Thats it, you should now be able to connect to hosts in the DMZ at you remote site over your site to site VPN connection. If you have multiple site to site VPNs from your main office network you may need to tweak this config , but the theory is the same.

PLEASE NOTE: This configuration will allow hosts in the DMZ at your remote site to connect to any hosts in your main office network! Clearly in most cases this will not be desirable, unless the additional remote Vlan is not a DMZ and performs some other function, which is not exposed directly to the Internet (which was the situation in my case). In any event you may wish to use VPN filters  to restrict traffic from the remote DMZ Vlan to your main office, or by disabling sysopt connection permit-vpn using the no sysopt connection permit-vpn command and applying ACLs to your outside interface. Excercise caution when applying either of these types of filtering to make sure you don’t restrict yourself from the site to site VPN tunnel.

show dsl int replacement command for Cisco 880 series routers

If you try to run the:

show dsl int

Command on a Cisco 880 series ADSL/VDSL router to get info and stats about your adsl interface it will fail. The new replacement for this command is:

show controllers vdsl 0

Apply a Group Policy to a Specific Operating System

During our Windows 7 rollout it was necessary to apply some specific registry settings to the new Windows 7 machines without affecting the legacy Windows XP clients. This can easily be done by creating a WMI filter in the Group Policy Management Console and applying it to the relevant GPO.

To do this simply fire up gpmc.msc and click on the ‘WMI Filters’ section under the domain you want to create the group policy object (GPO) in.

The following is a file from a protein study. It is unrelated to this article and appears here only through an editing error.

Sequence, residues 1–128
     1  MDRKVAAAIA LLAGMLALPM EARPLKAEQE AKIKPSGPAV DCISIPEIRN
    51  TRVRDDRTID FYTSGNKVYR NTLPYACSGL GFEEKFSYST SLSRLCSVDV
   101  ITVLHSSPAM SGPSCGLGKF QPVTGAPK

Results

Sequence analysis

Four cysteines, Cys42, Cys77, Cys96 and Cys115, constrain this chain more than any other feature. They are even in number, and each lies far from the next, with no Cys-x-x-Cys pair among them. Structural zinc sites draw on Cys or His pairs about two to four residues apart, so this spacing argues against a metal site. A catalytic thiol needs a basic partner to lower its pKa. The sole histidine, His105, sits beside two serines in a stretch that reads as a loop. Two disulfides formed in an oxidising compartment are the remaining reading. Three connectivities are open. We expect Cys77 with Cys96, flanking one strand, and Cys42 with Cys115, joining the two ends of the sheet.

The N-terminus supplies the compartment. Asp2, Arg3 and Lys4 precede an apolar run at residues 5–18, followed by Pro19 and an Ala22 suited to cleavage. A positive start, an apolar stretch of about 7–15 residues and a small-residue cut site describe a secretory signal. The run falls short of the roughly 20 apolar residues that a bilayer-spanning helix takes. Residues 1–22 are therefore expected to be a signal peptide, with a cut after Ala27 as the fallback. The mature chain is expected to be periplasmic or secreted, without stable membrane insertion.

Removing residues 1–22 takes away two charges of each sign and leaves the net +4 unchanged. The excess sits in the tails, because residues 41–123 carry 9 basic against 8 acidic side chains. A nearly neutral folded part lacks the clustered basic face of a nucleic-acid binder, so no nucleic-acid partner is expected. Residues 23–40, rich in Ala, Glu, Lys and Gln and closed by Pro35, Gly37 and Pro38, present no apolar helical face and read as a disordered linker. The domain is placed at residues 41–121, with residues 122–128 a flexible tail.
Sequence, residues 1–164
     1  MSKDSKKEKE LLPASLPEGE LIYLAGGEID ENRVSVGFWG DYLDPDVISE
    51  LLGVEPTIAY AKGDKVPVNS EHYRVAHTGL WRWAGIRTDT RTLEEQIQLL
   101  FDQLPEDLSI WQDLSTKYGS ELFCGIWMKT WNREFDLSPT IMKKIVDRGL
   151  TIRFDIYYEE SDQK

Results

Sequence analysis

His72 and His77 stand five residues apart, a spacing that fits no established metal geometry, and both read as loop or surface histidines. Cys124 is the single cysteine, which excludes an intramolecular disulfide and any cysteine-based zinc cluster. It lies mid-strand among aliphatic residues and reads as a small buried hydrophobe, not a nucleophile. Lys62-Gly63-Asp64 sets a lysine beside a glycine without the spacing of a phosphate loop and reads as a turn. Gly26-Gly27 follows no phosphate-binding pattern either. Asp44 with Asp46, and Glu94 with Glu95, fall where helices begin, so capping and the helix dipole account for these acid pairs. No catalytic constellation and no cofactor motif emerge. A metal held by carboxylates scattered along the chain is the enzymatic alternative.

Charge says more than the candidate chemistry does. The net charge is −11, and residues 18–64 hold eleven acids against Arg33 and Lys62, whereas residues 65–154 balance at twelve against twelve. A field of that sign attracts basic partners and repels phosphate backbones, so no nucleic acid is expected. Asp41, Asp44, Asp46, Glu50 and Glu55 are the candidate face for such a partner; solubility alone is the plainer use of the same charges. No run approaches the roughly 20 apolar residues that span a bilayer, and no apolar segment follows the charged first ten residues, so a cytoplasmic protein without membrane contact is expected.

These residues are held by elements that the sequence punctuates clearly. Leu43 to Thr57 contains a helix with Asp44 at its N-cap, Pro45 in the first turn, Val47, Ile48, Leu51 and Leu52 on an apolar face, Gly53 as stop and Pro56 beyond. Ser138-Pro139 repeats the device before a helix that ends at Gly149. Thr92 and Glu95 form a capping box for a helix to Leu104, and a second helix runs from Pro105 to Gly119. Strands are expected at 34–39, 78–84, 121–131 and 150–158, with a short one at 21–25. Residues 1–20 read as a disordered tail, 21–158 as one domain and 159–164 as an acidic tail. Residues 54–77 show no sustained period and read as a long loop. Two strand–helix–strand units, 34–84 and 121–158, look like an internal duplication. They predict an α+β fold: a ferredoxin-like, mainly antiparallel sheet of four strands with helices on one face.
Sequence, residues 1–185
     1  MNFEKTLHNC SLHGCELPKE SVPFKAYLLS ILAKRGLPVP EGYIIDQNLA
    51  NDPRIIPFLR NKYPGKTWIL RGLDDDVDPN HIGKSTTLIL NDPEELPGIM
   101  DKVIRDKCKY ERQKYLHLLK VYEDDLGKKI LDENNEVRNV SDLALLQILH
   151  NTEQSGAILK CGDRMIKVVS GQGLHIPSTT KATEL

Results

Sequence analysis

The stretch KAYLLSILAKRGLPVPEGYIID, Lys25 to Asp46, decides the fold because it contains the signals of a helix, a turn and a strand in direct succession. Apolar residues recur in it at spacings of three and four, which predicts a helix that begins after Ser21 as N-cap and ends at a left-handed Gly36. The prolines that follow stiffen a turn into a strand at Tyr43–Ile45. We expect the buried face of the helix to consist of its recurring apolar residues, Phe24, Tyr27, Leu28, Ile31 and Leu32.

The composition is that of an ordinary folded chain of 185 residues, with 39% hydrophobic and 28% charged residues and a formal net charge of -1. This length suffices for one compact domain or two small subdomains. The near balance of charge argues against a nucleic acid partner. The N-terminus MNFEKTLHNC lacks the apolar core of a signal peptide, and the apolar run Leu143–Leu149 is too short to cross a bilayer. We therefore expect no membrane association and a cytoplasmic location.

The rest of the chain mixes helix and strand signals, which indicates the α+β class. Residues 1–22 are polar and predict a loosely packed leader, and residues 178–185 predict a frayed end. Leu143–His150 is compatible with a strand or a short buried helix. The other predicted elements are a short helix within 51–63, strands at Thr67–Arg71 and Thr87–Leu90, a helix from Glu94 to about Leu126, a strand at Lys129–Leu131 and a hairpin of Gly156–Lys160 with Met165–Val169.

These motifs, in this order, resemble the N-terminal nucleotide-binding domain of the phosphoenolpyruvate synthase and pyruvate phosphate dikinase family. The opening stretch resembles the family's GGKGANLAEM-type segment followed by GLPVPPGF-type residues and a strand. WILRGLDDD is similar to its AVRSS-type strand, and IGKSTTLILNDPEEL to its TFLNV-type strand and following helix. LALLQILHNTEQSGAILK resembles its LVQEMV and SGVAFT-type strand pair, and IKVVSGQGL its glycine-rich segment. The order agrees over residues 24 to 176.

WMI Filter section in GPMC

Right click the ‘WMI Filters’ section and choose ‘New’. Give the filter a name. Click on ‘Add’ and type the following to create a filter for Windows 7:

select * from Win32_OperatingSystem where Version like “6.1%” and ProductType=”1″

Adding a WMI filter for Windows 7

Finally, you need to apply this filter to the GPO that you want to use. In this example a GPO called ‘Windows 7 GPO’ has been created. Highlight the GPO in the Group Policy Management Console, and then under the ‘Scope’ tab, apply the WMI filter you created, by selecting it from the drop down list in the ‘WMI Filtering’ section as shown below:

Applying a WMI Filter to a GPO

You can filter the following operating systems in this way by adjusting the query in the WMI filter. Operating systems can be defined as follows:

Windows XP:

select * from Win32_OperatingSystem where (Version like “5.1%” or Version like “5.2%”) and ProductType = “1”

Windows Vista:

select * from Win32_OperatingSystem where Version like “6.0%” and ProductType = “1”

Windows 7:

select * from Win32_OperatingSystem where Version like “6.1%” and ProductType = “1”

Windows Server 2003:

select * from Win32_OperatingSystem where Version like “5.2%” and ProductType = “3”

Windows Server 2008:

select * from Win32_OperatingSystem where Version like “6.0%” and ProductType = “3”

Windows Server 2008 R2

select * from Win32_OperatingSystem where Version like “6.1%” and ProductType = “3”

You can use the ‘ProductType’ part of the query to specify whether the operating system is a client, server, or domain controller.

ProductType = “1” is a client

ProductType = “2” is a server operating as a domain controller

ProductType = “3” is a member server. i.e. not operating as a domain controller